Wednesday, December 5, 2007

Doomsday Rider: a Ralph Compton novel by Joseph A. West (audiobook read by Terry Evans)

When people bad-mouth Westerns, this is the type of Western they mean: the kind that seems to be just be telling an often-told story over again, with very little plot (except for the typical revenge motif) and characters who speak and think in cliches. Here's the summary from the audiobook version of Doomsday Rider:

Framed for a murder that he did not commit, Buck Fletcher is given the chance to redeem his reputation by rescuing a senator's disgraced daughter from a war-torn region of Arizona, braving a band of renegade Apaches, the senator's minions, and a determined bounty hunter along the way.

Pretty straightforward, wouldn't you say? People in this world are either good or bad, and author Joseph A. West is perfectly willing to keep things that way.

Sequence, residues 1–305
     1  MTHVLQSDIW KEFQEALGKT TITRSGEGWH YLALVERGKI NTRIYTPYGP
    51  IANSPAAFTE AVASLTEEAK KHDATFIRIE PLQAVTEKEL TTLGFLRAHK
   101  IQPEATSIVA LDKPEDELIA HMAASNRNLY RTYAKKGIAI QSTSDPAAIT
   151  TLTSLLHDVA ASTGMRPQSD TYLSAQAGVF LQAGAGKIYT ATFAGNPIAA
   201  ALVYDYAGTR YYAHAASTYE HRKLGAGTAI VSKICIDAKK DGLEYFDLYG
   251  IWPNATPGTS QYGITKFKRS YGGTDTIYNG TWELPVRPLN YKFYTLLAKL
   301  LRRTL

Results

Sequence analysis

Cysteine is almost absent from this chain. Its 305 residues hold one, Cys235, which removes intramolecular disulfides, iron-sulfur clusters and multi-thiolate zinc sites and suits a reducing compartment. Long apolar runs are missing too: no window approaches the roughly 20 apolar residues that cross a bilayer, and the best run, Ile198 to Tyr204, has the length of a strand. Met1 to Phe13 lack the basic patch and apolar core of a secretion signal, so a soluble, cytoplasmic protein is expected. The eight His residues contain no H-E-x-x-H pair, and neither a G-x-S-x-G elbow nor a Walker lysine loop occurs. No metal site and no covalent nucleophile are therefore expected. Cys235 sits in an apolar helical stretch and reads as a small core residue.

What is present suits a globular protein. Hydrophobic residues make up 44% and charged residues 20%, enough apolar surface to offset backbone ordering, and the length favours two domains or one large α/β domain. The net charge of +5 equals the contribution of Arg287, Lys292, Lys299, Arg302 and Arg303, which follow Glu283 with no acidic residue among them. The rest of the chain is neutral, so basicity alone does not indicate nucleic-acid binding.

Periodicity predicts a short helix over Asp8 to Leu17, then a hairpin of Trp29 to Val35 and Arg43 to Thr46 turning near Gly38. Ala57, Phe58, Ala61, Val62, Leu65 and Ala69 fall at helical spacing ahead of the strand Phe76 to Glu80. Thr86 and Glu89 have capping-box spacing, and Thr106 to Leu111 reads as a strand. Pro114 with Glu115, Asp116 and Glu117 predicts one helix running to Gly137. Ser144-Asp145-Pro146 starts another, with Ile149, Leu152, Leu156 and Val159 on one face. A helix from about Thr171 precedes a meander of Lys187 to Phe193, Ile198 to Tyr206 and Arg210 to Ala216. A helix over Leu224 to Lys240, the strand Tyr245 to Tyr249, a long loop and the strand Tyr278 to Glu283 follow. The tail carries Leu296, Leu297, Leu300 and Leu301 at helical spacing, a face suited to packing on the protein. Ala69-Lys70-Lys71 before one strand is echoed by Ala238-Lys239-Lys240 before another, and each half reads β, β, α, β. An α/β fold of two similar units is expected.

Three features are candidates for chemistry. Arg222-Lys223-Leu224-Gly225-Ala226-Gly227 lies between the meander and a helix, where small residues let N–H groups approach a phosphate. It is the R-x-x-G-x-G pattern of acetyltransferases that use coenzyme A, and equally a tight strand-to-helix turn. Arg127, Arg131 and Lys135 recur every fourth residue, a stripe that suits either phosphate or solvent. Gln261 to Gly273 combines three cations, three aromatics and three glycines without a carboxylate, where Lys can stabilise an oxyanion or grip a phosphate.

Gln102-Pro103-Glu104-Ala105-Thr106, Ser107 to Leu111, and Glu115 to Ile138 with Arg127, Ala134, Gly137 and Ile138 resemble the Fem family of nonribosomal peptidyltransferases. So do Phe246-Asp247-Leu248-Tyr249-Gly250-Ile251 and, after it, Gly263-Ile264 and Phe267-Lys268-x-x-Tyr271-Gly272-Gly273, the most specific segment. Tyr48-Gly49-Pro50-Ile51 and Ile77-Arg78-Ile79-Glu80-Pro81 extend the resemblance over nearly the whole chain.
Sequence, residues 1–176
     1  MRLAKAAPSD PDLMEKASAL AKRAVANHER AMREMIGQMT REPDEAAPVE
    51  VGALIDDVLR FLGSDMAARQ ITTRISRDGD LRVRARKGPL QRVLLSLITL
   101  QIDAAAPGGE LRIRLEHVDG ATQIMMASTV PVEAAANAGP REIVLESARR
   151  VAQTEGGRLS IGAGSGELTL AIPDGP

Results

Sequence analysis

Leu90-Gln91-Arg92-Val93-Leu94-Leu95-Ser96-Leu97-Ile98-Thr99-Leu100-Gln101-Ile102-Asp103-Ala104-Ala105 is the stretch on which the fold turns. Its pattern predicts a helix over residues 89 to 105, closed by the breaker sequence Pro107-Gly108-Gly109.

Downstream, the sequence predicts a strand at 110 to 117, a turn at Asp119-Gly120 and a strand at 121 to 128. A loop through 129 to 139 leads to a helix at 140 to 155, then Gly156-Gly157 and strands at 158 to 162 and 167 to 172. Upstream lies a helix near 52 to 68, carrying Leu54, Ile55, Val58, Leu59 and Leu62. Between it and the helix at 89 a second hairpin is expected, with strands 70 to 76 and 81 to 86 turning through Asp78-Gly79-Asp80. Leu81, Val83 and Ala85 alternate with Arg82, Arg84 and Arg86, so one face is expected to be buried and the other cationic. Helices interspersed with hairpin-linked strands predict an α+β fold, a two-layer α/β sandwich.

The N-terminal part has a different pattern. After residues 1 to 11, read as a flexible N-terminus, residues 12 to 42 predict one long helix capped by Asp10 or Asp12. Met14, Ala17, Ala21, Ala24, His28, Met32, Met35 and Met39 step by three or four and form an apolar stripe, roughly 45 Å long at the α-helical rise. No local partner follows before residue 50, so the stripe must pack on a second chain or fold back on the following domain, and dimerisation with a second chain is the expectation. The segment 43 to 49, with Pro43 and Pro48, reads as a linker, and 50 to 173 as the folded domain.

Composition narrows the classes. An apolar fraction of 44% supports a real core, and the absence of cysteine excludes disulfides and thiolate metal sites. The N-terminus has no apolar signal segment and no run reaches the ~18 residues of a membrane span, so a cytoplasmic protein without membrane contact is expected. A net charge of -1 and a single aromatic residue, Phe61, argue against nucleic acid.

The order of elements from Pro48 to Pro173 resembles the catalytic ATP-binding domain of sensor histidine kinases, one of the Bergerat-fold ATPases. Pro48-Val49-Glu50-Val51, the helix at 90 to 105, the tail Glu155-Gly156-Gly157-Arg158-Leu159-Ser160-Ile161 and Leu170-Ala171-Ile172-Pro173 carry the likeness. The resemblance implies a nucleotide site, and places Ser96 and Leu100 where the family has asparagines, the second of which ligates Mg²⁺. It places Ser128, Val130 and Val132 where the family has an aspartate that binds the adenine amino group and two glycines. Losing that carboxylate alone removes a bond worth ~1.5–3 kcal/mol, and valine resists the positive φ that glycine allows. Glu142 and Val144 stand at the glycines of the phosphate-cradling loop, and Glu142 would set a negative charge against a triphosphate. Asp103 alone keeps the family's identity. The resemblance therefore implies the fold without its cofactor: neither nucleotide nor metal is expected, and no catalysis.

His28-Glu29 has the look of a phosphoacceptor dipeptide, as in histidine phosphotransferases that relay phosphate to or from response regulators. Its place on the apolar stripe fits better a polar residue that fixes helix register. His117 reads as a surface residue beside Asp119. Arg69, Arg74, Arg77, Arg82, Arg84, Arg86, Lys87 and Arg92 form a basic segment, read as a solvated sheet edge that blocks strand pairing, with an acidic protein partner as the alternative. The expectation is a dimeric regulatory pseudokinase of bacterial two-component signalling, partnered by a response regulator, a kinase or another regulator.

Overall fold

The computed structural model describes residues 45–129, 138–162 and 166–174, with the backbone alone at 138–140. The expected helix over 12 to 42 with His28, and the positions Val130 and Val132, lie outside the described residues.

I'm usually more interested in Westerns that try to stretch the genre in one way or another, but that is not to say that Doomsday Rider is not a pleasant read. After all, readers looking for their idea of the "typical" Western will likely be pleased by West's second tale featuring Buck Fletcher (author Ralph Compton is deceased; various authors are continuing his legacy in a series of novels that retain his name on the cover).

I found it satisfying as an audiobook. Reader Terry Evans's range of voices gets increasingly more surprising as the book continues. At one point, the text calls for a "fine, high tenor" to sing a song with new lyrics to the tune of "John Brown's Body," and Evans gives it his all, showing that he is more than up to the challenge. Evans's reading, in fact, was good enough to make it easier to overlook Doomsday Rider's other flaws. But for a much better example of a well-written Western, pick up Vengeance Rider (this book's sequel), also read by Evans, or Rio Largo, another Ralph Compton novel written by David Robbins.

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